I originally wrote this on March 19th, 2007, two days before I turned thirty….

On Wednesday, I will be 30 years old. So here’s a preemptive warning to stay off my lawn.

Does this mean I’m any closer to being seen as wise? Probably not. I guess I’m kind of in an in-between age where those who are in their middle age still see me as a younger, foolhardy person and those who are in their teens or twenties see me as an out-of-touch oldie who’s trying to masquerade as someone who’s hip. Since I just used the word “hip” they could certainly use that to indict me. The truth is that I AM younger than some and take calculated risks that I think others would shy away from. And also don’t give a rip about what the younger set thinks is cool. I played the Chukker, I’ve been in love in Paris, and I own a sweet denim jacket. So I will viscerally assert my coolness in the face of an MTV that shows no music videos and a pop culture where conformity is the new rebellion. News flash: cool does not result from one part Hollister, one part Gadzooks, one part Chacos – purchase, rinse and repeat. Again, you kids better stay off of my lawn!

A year ago, my uncle Mit died much too early for me to be OK with that fact. I’ve never felt anger towards God for this. I did feel a sadness for my cousins and my aunt. There were so many moments that were taken away from their future when he died. But my uncle lived a life fully dedicated to serving God by serving others. A lot of people are going live a lot longer than Mit but accomplish a great deal less in their time on this earth. What did he accomplish? He preached the Gospel. He built affordable homes and he grew community gardens. Those are accomplishments that are worthy of a faithful servant.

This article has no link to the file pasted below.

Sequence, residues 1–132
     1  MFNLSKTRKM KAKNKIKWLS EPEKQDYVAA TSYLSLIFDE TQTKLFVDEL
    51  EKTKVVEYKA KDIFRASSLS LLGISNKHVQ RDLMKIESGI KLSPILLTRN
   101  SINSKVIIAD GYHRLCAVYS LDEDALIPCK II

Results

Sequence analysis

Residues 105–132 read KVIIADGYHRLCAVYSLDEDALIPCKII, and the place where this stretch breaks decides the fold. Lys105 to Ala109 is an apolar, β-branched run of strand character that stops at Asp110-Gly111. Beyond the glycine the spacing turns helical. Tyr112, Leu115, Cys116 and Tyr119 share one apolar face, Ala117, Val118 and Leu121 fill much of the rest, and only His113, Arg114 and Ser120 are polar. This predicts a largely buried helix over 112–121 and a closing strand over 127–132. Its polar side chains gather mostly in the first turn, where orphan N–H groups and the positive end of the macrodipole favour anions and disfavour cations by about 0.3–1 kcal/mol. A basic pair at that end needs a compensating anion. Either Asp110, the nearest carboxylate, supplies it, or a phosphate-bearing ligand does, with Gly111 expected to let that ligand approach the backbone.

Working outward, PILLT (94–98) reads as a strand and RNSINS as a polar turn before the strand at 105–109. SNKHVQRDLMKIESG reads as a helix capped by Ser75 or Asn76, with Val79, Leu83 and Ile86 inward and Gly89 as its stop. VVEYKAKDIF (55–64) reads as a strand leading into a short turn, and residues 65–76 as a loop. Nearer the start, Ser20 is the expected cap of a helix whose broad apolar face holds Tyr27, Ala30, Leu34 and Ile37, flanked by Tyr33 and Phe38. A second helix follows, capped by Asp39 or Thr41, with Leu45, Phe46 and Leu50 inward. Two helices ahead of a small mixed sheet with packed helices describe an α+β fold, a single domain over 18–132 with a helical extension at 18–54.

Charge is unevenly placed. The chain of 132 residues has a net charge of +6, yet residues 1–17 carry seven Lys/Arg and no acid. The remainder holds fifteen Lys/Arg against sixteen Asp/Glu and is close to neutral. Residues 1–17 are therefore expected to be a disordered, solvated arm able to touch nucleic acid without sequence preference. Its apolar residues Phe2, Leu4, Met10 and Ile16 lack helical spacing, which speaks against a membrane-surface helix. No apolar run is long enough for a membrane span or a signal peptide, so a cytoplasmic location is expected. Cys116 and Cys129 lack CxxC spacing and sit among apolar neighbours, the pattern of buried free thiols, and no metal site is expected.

So I’m about to turn 30. Doing the math on my calculator, I’d say about about 3-5% of my life so far has been used for a greater good. Here’s to making up for lost time. Here’s to chalking up those wandering years of my late teens and twenties as an investment in crossing off a great many things from my mental list of what is truly important in life. Every year it is a little less likely that I’ll make my millions, play in the Super Bowl or record a Grammy-winning duet with Michael McDonald. And by no means will I be selling off all of my possessions or moving to India. But there are a great many things that I can do.

My uncle has gone home. I’m here. We’re all on our way home but nobody knows exactly when we’ll leave here. We can stand around and wait or keep ourselves occupied or…

“You’re alive. Do something. The directive in life, the moral imperative was so uncomplicated. It could be expressed in single words, not complete sentences. It sounded like this: Look. Listen. Choose. Act.”
– Barbara Hall